“I don’t think we brought anything from our former home when we moved to Shoal Creek!” laughs Lynne Petro. “Tim and I were ready for a new home and updated interiors that would reflect how we wanted to live and entertain going forward.” The couple had been members of the Shoal Creek golf club for years and were willing to live further from Birmingham’s center in order to enjoy the nature-filled setting, vacation attitude, and nonstop golf, one of Tim’s passions.
When their youngest child was a junior in high school, they saw how quickly lots were being snatched up in the community and decided to act. The timing could not have been better. “We moved in one week before the COVID lockdown,” says Lynne.
Early in the process, the Petros called on architect Robert Thompson to draw on influences from European cottage architecture when designing the house. Robert worked with Shoal Creek’s design review board to site the home to its best advantage. “The entire design really came down to capturing the views,” he says. “While most plans call for a great room in the middle of the home, this one has it encompassing the far right side where it’s wrapped with floor-to-ceiling windows to take in the most compelling views.”
For the overall floorplan, Lynne knew exactly what she wanted—spaces that allow for intimate family time as well as ones for larger gatherings. Her wish list also included a designated dining room. “After years of living with an open floorplan, I had a strong desire for a large, elegant dining room that was more of a destination within the home,” she says. The couple also requested a basement hangout for their college-age son, an upstairs bunkroom for current and future grandchildren, and space for guests. “Given that we are further from town, we wanted to give our close friends the option of staying the night if they desired,” says Lynne.
To imbue these rooms with an updated and light-filled look, the Petros engaged Kate Hartman and Kelly Neely of Hartman Neely Interiors. Given that Lynne was ready to embrace a new style, the designers were operating with a blank canvas. “While we love incorporating our clients’ treasures into the design, there’s a real luxury to starting from scratch and selecting pieces that fit in perfectly with the design and scale of the home,” Kate and Kelly agree.
One reason Lynn left everything behind during the move was that the needs of the new house were different. “Here, the scale of the rooms called out for some new statement-making pieces in keeping with the larger dimensions and higher ceilings,” says Kate. “Proportion was definitely key.”
For continuity between spaces, the designers repeated certain finishes such as the waxed white oak on the great room ceiling that appears on the kitchen island. “We also put black into play in every room, including the outdoor spaces,” says Kate. “And we strived to balance feminine elements with masculine ones.” Examples include the black iron dining room chairs upholstered in a blue botanical print, as well as the more contemporary black side tables that flank the floral print headboard in the primary bedroom.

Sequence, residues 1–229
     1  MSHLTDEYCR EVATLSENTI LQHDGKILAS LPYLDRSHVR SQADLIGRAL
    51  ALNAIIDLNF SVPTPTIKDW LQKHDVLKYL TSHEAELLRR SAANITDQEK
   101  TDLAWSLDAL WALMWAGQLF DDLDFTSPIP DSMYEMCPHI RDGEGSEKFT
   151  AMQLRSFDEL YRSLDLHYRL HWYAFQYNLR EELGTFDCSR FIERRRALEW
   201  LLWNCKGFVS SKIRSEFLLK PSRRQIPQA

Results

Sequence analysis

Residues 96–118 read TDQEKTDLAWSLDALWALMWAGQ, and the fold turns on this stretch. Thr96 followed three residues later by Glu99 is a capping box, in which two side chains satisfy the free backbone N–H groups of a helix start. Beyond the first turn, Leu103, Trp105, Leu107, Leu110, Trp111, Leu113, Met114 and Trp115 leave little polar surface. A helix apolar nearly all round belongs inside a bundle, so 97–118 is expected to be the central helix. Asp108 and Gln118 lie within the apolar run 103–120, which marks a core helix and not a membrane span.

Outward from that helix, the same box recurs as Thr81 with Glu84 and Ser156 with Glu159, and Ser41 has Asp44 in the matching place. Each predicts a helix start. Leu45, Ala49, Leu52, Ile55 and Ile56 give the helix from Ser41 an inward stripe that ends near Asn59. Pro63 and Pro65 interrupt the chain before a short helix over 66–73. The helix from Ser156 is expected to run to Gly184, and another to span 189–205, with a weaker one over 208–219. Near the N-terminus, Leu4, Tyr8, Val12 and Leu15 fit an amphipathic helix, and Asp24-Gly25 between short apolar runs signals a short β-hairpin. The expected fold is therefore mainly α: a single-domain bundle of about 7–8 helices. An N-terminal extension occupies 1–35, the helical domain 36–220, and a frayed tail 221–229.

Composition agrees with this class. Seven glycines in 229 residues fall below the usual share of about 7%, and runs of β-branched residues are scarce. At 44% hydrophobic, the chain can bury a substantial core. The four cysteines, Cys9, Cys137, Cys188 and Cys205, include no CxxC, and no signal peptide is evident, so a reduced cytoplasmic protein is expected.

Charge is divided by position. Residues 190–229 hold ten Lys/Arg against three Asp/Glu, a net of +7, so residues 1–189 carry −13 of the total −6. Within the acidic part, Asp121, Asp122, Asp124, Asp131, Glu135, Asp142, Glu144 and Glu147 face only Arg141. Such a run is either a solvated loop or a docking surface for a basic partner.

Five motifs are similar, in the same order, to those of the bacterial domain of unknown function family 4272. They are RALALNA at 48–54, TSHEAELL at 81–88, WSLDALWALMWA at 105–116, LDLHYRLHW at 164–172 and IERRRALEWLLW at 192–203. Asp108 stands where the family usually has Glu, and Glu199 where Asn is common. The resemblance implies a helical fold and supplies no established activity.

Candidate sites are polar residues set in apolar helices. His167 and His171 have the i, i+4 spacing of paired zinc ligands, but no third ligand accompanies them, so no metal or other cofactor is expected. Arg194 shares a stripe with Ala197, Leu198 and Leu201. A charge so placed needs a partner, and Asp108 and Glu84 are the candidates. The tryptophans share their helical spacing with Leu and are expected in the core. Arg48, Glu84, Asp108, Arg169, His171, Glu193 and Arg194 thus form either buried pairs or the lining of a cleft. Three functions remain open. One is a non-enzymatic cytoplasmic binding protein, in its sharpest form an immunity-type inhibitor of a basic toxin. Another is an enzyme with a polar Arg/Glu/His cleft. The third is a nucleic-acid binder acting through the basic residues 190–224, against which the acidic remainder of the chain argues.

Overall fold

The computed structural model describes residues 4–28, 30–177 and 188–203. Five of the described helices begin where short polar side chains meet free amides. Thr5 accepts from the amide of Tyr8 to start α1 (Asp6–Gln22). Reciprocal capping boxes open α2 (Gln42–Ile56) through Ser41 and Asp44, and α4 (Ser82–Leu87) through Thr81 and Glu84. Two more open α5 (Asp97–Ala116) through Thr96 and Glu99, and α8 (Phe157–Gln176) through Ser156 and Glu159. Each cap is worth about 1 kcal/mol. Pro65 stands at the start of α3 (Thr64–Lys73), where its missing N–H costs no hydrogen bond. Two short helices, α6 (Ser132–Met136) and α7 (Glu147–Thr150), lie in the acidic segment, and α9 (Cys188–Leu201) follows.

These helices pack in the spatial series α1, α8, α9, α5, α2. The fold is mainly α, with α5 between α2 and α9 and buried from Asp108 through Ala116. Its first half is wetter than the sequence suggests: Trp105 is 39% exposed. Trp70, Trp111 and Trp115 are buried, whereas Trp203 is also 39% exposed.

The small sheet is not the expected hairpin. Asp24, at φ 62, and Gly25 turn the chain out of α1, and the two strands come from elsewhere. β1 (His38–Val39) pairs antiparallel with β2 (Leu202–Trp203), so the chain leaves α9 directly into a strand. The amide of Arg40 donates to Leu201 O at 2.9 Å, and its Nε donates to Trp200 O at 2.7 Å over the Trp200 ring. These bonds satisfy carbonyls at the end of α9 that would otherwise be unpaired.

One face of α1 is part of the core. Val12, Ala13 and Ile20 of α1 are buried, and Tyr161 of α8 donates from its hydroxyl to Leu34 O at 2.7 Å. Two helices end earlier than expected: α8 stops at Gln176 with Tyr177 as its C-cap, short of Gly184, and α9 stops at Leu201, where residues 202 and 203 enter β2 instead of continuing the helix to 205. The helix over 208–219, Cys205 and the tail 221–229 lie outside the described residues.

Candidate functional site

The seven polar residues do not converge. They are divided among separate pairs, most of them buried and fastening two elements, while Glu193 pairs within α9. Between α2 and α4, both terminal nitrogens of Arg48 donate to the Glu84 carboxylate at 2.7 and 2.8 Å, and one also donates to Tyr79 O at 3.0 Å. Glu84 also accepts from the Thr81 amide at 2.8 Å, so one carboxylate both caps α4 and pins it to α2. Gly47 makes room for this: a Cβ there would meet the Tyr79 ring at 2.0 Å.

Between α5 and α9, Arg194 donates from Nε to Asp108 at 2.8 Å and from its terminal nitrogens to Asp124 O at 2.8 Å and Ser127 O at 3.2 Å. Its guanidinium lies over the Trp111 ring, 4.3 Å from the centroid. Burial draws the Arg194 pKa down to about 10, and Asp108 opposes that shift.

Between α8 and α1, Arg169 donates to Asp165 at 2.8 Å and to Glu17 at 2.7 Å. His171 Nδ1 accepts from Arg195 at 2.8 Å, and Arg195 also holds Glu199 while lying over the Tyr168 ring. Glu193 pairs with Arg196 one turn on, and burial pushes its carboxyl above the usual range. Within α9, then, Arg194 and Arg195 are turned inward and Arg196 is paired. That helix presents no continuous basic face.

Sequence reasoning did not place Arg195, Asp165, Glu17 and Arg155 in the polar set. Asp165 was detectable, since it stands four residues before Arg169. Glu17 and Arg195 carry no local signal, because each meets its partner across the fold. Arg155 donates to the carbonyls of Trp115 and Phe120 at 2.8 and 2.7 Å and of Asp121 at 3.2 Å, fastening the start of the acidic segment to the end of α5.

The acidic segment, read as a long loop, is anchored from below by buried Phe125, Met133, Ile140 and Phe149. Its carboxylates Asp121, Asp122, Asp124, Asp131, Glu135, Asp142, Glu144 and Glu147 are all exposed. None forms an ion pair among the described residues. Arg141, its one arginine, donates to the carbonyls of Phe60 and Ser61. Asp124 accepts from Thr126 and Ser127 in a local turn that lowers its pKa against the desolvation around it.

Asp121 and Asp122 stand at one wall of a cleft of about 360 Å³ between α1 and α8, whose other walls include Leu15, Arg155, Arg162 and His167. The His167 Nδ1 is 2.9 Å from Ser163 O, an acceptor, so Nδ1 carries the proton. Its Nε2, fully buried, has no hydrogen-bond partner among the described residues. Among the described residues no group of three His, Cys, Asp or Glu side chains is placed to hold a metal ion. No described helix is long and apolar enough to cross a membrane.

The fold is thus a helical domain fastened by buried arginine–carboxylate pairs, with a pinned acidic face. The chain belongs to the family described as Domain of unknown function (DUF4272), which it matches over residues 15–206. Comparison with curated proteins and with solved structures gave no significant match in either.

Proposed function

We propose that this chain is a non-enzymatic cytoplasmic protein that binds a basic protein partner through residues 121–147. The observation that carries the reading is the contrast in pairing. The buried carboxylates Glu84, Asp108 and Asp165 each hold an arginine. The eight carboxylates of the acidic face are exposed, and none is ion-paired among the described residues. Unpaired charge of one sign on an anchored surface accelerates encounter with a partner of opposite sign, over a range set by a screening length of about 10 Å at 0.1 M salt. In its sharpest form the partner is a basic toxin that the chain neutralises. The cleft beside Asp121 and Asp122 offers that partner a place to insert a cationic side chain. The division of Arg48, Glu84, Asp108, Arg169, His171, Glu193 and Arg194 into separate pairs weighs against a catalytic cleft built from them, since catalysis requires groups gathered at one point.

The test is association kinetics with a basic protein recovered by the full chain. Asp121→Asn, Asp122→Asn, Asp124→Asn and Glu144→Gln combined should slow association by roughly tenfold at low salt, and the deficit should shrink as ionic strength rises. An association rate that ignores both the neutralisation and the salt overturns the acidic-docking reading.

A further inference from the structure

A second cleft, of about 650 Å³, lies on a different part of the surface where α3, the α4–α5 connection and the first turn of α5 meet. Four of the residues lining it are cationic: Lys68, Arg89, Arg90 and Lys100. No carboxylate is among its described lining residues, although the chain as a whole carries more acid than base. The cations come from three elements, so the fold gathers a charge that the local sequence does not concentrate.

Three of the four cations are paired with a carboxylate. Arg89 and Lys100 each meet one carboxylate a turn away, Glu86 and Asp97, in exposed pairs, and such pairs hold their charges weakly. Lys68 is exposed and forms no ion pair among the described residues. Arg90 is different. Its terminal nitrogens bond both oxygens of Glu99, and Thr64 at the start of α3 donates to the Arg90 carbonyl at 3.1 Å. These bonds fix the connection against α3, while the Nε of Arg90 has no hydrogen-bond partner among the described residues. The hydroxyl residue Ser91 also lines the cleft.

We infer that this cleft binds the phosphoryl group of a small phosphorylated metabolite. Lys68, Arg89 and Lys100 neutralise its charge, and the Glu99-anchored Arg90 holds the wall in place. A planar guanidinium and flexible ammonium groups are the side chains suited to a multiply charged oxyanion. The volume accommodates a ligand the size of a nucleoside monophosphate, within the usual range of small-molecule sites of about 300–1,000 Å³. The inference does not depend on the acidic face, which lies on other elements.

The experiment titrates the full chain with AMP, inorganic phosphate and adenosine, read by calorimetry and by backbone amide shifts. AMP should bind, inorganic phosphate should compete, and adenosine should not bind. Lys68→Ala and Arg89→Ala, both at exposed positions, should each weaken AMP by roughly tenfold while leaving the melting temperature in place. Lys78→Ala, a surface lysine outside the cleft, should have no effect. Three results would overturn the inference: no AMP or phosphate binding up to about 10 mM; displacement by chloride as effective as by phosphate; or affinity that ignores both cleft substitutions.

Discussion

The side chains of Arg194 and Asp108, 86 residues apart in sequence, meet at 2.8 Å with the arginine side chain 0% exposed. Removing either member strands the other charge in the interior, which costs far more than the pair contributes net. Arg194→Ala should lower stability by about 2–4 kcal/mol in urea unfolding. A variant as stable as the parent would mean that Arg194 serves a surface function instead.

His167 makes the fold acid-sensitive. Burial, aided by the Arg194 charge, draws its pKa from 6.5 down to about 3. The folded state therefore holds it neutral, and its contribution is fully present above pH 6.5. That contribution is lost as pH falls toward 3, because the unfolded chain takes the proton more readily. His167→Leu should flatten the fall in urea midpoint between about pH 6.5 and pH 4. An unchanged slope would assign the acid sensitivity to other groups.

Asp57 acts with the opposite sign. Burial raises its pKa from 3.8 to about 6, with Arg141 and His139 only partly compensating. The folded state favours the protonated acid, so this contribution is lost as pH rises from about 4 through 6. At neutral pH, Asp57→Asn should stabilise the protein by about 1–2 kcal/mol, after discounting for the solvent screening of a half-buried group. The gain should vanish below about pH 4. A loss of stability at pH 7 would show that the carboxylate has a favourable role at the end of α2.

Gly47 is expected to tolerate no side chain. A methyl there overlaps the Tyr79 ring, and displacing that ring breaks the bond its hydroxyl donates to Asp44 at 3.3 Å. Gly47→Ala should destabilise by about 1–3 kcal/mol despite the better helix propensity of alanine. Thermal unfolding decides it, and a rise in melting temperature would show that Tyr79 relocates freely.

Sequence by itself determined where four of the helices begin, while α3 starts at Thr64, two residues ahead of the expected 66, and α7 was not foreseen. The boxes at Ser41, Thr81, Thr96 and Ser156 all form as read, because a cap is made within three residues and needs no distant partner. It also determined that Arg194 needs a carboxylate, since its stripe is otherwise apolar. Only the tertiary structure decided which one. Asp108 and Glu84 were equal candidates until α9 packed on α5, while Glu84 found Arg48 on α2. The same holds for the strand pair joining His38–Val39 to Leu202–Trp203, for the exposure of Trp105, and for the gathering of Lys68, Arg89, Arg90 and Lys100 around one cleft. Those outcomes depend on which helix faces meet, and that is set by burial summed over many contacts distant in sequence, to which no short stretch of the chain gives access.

Ultimately, each inviting room in the home seems to engage in conversation with the others, creating a welcoming flow eager to receive a myriad of Petro family and friends and ready to capture a new chapter of lasting memories.
Custom-built homes often require new furnishings, art, and décor to match the more modern proportions and higher ceilings. While interior designers love to incorporate existing pieces, there sometimes is a need for larger scale pieces to join in the mix. Kate and Kelly share some ideas in play for this project.
Think big. When it comes to light fixtures in spaces with high ceilings, bigger is better. “They make such a difference,” say the designers. “An overscaled fixture demands attention to the room and also draws the eye up if the ceilings are high.”
Create multiple seating areas. Alarge great room needs more than one seating area to make it feel inviting. In this house, the designers included a pair of high-backed chairs and a coffee table in front of the fireplace. The other side holds two sofas and a settee.
Draw attention to the details. Mirrors can work wonders to bring interest to a wall in a spacious room or to draw attention to an architectural feature. The designers placed one over the mantel in the great room that leads the eye up to the spectacular ceiling detail.
Architecture: Robert Thompson, thompsonarchitecture.com Interior design: Kate Hartman & Kelly Neely of Hartman Neely Interiors, hartmanneelyinteriors.com Contractor: Harris Coggin, Harriscoggin.com Landscape design and installation: Richter Landscape Company, Richterlandscape.com Interior and exterior paint color: Sherwin-Williams “Alabaster” Bound carpets: Billy Brown Flooring, billybrownflooring.com Audio: Audio Visual Excellence (AVX), avxinc.com Kitchen and bathroom hardware: Brandino Brass, brandinobrass.com Kitchen and bathroom cabinets: RTS Construction, rtsconstruction.net Countertops and Backsplash: Surface One, surface1.com Kitchen appliances: AllSouth Appliance Group, allsouthappliance.net Bathroom finishes and tile: Fixtures & Finishes, fixturesandfinishes.com